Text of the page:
Statins: How the drug prevents heart attacks and strokes
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Statins are a group of medicines that can help lower the level of low-density lipoprotein (LDL) cholesterol in the blood. Over time, LDL cholesterol can gum up the inside of your arteries, thereby raising your risk of having a heart attack. Statins work by reducing the production of LDL cholesterol inside the liver.
Despite their palpable benefits, statins have been linked with unpleasant side effects, although many studies have not found a causal relationship.
A study published in the journal Neurology found statin use can increase the risk of developing peripheral neuropathy.
Peripheral neuropathy refers to the many conditions that involve damage to the peripheral nervous system.
The peripheral nervous system is a vast communication network that sends signals between the central nervous system (the brain and spinal cord) and all other parts of the body.
People taking statins were 14 times more likely to develop peripheral neuropathy than people who were not taking statins, according to the Danish study.
However, the overall risk of developing neuropathy is rare, noted study author David Gaist, MD, PhD, of the University of Southern Denmark in Odense.
“The positive benefits of statins, particularly on reducing the risk of heart disease, far outweigh the potential risk of developing neuropathy,” Gaist said.
“These findings shouldn’t affect doctor or patient decisions to start using statins. But if people who take statins develop neuropathy symptoms, they should talk with their doctor, who may reconsider the use of statins.”
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For the study, the researchers used a patient registry to identify all of the first-time cases of peripheral neuropathy with no known cause (such as diabetes) in Funen County, Denmark, over a five-year period.
Each case was matched to 25 people of the same age and sex with no neuropathy as a control group.
The use of statins was then determined for each group. They identified 166 cases of first-time neuropathy with no known cause. Of those, 35 had a definite diagnosis, 54 were probable cases and 77 were possible cases.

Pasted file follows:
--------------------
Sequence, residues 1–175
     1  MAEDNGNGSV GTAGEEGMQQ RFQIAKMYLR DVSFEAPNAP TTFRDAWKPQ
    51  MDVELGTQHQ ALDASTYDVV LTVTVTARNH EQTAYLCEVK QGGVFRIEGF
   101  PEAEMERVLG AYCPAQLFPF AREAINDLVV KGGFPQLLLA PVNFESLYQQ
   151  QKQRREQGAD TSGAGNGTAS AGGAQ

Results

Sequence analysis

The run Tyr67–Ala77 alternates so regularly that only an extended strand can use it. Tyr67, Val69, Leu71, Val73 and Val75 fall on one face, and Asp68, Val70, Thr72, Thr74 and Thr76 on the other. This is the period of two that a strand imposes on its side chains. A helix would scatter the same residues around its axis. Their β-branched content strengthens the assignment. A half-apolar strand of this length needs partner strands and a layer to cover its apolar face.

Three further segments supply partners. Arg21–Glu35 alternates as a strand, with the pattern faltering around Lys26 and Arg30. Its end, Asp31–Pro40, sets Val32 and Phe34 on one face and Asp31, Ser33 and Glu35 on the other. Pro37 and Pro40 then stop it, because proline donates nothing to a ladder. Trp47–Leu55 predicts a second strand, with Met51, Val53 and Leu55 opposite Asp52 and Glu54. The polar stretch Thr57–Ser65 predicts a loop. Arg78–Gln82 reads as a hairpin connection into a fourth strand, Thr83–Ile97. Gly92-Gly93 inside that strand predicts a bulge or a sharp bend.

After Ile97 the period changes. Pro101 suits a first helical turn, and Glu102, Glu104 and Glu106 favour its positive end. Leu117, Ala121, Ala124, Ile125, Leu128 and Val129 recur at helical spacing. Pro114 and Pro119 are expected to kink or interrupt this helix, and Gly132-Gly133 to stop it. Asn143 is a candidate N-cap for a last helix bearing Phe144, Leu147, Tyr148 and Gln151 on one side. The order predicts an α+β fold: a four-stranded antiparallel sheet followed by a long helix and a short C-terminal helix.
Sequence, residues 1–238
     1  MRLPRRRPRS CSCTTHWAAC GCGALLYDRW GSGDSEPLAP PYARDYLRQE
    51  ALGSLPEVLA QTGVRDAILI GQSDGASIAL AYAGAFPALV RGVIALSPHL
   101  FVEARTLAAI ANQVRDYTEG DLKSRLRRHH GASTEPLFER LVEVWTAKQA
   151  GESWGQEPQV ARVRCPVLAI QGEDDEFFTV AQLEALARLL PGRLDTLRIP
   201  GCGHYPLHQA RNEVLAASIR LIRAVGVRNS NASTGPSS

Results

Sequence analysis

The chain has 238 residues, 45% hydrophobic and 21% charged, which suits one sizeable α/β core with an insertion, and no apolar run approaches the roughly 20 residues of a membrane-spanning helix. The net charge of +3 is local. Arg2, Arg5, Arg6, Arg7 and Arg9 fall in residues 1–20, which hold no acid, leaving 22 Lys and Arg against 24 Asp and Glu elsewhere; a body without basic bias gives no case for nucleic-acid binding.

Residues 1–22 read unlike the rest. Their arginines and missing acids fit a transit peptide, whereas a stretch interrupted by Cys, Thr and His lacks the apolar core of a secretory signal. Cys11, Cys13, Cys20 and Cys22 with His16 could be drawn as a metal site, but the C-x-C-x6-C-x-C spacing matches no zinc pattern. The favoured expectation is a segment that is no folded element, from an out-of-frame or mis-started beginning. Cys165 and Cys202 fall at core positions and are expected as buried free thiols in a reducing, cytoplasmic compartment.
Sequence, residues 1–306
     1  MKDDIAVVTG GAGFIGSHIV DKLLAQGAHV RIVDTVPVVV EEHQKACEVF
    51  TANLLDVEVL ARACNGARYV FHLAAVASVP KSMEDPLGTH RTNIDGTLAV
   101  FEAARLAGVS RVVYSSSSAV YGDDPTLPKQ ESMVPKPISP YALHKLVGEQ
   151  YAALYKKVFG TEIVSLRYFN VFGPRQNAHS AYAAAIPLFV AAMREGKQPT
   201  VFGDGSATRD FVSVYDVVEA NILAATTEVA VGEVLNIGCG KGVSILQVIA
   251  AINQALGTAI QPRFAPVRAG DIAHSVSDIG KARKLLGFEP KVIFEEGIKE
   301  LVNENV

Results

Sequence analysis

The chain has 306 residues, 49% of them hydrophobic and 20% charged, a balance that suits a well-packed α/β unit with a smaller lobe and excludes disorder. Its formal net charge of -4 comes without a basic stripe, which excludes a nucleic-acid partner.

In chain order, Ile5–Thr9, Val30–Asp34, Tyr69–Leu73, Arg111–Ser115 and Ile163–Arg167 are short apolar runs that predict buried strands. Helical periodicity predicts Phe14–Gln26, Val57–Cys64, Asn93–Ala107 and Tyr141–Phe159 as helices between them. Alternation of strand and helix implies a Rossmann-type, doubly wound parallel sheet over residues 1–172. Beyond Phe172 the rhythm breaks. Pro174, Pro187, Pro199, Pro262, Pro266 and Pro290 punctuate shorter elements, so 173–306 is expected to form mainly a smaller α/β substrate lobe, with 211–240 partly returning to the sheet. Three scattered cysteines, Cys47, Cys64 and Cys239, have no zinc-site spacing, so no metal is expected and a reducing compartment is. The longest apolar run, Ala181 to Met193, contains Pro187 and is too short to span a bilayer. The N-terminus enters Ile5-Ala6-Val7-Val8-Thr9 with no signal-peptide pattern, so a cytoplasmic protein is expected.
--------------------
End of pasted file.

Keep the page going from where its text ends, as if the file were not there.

Nine of the people with neuropathy had taken statins. They had taken statins for an average of 2.8 years.
For those with a definite diagnosis of neuropathy, the statin users’ risk of developing neuropathy was 16 times higher than for the control group.
When all cases of neuropathy were taken into account, the statin users’ risk of developing neuropathy was four times higher than the control group’s risk.
Taking statins for longer periods of time and taking higher doses of them increased the risk of developing neuropathy.
Peripheral neuropathy – symptoms to spot
Symptoms vary according to the type of peripheral neuropathy and may develop quickly or slowly.
According to the NHS, The main types of peripheral neuropathy include:
- Sensory neuropathy – damage to the nerves that carry messages of touch, temperature, pain and other sensations to the brain
- Motor neuropathy – damage to the nerves that control movement
- Autonomic neuropathy – damage to the nerves that control involuntary bodily processes, such as digestion, bladder function and control of blood pressure
- Mononeuropathy – damage to a single nerve outside of the central nervous system.
It is important to note that many people who take statins experience no or very few side effects.
The risks of any side effects also have to be balanced against the benefits of preventing serious problems.
A review of scientific studies into the effectiveness of statins found around one in every 50 people who take the medicine for five years will avoid a serious event, such as a heart attack or stroke, as a result.
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